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The day book. (Chicago, Ill.) 1911-1917, March 03, 1917, NOON EDITION, Image 20

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Persistent link: http://chroniclingamerica.loc.gov/lccn/sn83045487/1917-03-03/ed-1/seq-20/

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scraps." But after all it was quite
nough for Mary to see his face when
le came back. She looked up shyly
and beheld a countenance in which
vexation, revolt and bewilderment
were about mixed.
"Do you think I'm a canary-?" he
asked.
"Why, no, dear, you're not sing
ing." "I'm not likely to when I'm starv
ing," he snapped.
"Oh, wasn't there enough?" she
asked, sweetly surprised.
Mary was naturally in doubt as to
the result of her plan, but she meant
to carry it out to the bitter end.
The next evening they were invit
ed to dine at the Fasons. The pros
pect of getting a decent meal caused
Beard to accept with alacrity. Mary
put on a gown rather older and more
shabby than was strictly necessary.
Joe did not dare to remonstrate be
cause he had told her a short time be
fore that it looked well enough to go
anywhere. But on arriving at his
partner's he felt a prety sharp pang
of mortification at the contrast be
tween the handsomely gowned host
ess and his badly-dressed wife. He
wondered he had never noticed it he
fore. He concluded it was because
Mary had always made the best of
everytihng.
The dinner was an exceedingly
good one with several courses, all
nicely served by the neat maid. Mary
had a keen sense of humor and told
some good stories. As John ex
pressed it on leaving, they had a
"perfectly scrumptious time."
Beard felt a decided obligation to
return his partner's hospitality, and
invited the couple to dinner. In con
sultation with his wife he tried to im
press upon her the necessity of the
meal coming up to the Fason dinner
as far as possible. Mary declared she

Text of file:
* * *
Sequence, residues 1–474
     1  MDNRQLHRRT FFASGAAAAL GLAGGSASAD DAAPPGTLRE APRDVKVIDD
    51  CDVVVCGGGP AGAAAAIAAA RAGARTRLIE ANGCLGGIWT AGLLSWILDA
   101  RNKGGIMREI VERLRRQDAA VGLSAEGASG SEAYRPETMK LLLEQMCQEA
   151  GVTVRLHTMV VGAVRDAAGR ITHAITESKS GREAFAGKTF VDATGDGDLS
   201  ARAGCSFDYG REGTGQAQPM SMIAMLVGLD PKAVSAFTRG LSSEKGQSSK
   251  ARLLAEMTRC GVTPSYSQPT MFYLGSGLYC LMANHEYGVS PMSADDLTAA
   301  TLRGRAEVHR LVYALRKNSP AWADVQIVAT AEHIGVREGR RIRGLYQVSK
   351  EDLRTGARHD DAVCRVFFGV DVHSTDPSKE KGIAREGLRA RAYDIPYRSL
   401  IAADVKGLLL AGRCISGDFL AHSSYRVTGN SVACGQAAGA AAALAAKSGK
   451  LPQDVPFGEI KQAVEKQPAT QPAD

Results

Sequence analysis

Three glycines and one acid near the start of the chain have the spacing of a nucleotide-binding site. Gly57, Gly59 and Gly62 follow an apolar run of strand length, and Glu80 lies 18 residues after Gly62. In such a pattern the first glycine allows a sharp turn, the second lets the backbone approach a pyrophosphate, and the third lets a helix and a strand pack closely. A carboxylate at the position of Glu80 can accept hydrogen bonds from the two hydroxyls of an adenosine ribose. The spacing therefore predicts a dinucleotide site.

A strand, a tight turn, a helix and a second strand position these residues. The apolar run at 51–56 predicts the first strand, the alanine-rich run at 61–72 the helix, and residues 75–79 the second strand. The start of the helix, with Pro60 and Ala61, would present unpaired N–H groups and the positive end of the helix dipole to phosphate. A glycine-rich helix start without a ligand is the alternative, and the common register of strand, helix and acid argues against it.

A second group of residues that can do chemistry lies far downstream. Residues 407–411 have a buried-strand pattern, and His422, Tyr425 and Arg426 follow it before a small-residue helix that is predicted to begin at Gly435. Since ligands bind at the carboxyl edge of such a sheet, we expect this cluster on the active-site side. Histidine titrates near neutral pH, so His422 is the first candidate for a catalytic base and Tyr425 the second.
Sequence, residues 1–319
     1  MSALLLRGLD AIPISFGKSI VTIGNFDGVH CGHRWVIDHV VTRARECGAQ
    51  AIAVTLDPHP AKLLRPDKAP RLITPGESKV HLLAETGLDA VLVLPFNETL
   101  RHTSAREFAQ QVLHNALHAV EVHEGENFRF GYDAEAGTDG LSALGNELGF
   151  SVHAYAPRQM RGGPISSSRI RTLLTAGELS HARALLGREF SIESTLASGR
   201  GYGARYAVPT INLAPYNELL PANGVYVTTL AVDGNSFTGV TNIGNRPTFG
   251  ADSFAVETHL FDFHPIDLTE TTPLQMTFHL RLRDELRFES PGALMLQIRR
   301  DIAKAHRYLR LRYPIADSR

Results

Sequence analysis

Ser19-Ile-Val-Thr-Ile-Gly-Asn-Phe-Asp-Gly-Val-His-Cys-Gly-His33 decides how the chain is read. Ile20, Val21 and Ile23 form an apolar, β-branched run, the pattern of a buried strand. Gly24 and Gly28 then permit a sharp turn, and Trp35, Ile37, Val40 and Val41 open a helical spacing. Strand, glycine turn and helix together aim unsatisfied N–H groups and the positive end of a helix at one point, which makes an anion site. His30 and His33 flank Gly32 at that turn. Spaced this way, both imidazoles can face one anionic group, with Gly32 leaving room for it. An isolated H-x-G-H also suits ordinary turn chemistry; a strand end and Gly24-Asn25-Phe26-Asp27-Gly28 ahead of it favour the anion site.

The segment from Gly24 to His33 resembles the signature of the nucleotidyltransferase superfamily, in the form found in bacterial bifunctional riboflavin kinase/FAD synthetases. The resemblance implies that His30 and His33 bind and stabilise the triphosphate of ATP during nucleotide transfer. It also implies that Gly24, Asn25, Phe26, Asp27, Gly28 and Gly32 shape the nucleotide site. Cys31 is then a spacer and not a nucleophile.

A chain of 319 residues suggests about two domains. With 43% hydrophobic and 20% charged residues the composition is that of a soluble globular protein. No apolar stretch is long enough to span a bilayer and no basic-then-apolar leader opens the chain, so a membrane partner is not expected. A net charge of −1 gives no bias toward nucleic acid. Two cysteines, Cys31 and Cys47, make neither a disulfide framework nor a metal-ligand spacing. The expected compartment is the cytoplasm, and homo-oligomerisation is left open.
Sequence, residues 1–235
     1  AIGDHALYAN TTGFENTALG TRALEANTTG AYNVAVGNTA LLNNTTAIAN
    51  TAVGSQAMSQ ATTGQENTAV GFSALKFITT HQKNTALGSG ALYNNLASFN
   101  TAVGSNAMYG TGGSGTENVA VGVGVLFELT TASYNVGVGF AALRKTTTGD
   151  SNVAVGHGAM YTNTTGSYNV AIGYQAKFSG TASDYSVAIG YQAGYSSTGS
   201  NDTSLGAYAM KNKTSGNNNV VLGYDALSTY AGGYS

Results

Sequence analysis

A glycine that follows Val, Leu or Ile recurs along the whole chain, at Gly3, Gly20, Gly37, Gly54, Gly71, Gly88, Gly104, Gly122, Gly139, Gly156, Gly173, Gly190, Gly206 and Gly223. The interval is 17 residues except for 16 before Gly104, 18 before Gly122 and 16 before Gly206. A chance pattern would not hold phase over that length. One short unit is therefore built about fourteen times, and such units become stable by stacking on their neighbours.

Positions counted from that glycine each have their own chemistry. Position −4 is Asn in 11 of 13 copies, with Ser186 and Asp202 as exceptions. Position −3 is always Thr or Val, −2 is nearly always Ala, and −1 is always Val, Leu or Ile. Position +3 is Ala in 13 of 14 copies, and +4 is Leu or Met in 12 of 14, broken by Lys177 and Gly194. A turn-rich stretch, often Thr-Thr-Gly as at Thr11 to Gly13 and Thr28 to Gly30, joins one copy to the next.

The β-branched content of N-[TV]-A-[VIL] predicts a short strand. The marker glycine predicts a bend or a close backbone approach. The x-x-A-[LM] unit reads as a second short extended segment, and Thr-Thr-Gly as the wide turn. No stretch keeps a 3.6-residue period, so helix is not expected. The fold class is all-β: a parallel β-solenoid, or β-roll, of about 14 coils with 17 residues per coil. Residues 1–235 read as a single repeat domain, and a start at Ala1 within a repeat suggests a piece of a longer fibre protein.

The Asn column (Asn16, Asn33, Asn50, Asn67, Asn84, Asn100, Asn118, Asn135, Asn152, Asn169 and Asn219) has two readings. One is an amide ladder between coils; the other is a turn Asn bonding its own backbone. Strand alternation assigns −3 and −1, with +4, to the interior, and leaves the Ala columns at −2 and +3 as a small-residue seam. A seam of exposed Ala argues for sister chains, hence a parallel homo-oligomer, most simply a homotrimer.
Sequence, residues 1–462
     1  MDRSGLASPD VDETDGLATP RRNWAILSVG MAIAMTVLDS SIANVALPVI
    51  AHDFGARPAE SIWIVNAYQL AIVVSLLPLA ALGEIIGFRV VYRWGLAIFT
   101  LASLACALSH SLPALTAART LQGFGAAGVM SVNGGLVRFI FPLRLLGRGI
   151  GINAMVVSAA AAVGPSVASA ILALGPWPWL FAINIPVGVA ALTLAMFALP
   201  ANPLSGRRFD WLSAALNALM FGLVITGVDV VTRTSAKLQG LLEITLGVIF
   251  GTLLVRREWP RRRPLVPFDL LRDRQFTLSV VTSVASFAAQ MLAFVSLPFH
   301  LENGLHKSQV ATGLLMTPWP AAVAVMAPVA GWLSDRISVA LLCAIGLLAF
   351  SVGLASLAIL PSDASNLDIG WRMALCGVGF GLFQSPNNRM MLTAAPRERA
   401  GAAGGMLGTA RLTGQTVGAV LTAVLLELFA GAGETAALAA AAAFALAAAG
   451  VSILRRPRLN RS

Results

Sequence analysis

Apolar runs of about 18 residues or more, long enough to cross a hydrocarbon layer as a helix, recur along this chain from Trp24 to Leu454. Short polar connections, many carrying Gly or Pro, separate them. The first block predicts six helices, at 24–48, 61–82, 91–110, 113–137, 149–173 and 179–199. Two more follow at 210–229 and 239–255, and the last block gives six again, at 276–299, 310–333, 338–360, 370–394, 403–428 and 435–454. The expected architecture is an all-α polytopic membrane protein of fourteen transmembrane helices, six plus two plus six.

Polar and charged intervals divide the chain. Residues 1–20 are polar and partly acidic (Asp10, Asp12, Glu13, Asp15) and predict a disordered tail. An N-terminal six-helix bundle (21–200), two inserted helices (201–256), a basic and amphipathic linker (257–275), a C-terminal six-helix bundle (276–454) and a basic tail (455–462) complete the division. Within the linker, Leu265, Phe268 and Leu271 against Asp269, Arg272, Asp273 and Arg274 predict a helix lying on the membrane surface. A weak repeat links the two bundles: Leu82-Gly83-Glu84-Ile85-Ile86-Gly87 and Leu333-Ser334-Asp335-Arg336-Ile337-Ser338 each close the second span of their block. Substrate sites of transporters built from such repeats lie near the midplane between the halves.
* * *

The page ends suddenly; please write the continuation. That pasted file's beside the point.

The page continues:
would do her best.
When the guests arrived they
found to Joe's mortification, piles of
unfinished garments still Uttering the
room. Mary apologized, saying she
had been trying so hard to finish the
work she had not had time to get it
out of the way. Fason looked ex
tremely surprised at the state of
things and his wife exclaimed: "I
don't see how you do it all! Look
here, Mary, you've got to call a halt
or you'll kill yourself!"
"I don't want hervto do it," pro
tested Beard, "but she won't listen
to reason."
"I believe in living as you go
along," said Fason. I know you're
salting your money down in govern
ment bonds. Well, that's all right.
Bu maybe you won't be here when
the time comes to enjoy it"
"Perhaps you're right," murmured
Beard.
The dinner was well cooked, but
extremely simple, and the small roast
had to be closely carved to go
around. Mary and Blanche Fason
exchanged knowing looks. They
were' tpgether in the plot After the
guests were gone Joe said: "Mary,
you've been .putting me through a
series of humiliations "
"Yes," she broke in. "And you
have been putting me through a se
ries of humiliations for nine years.
When I found out it was all uncalled
for I determined either to leave you
or cure you. Which shall it be?"
"It's a cure, dear. Now let us b'e
gin to live'
Mary buried her face on his shoul
der, and her arms around his neck
seemed to seal the compact
o o
TODAY IN ILLINOIS HISTORY
March 3, 1837. Abraham Lincoln
and Dan Stone, alone of all the Illi
nois legislators, protested against
some resolutions passed by the gen
eral assembly disapproving the abo
litionist propaganda.
o o
Mrs. R. B. Sterns, demonstrator of
alfalfa possibilities in South Dakota,
finds her supply of alfalfa candies un
equal to the demand. Mrs. Sterns
has alfalfa tea, sirup- and other de
lightful specialties on tap steadily.

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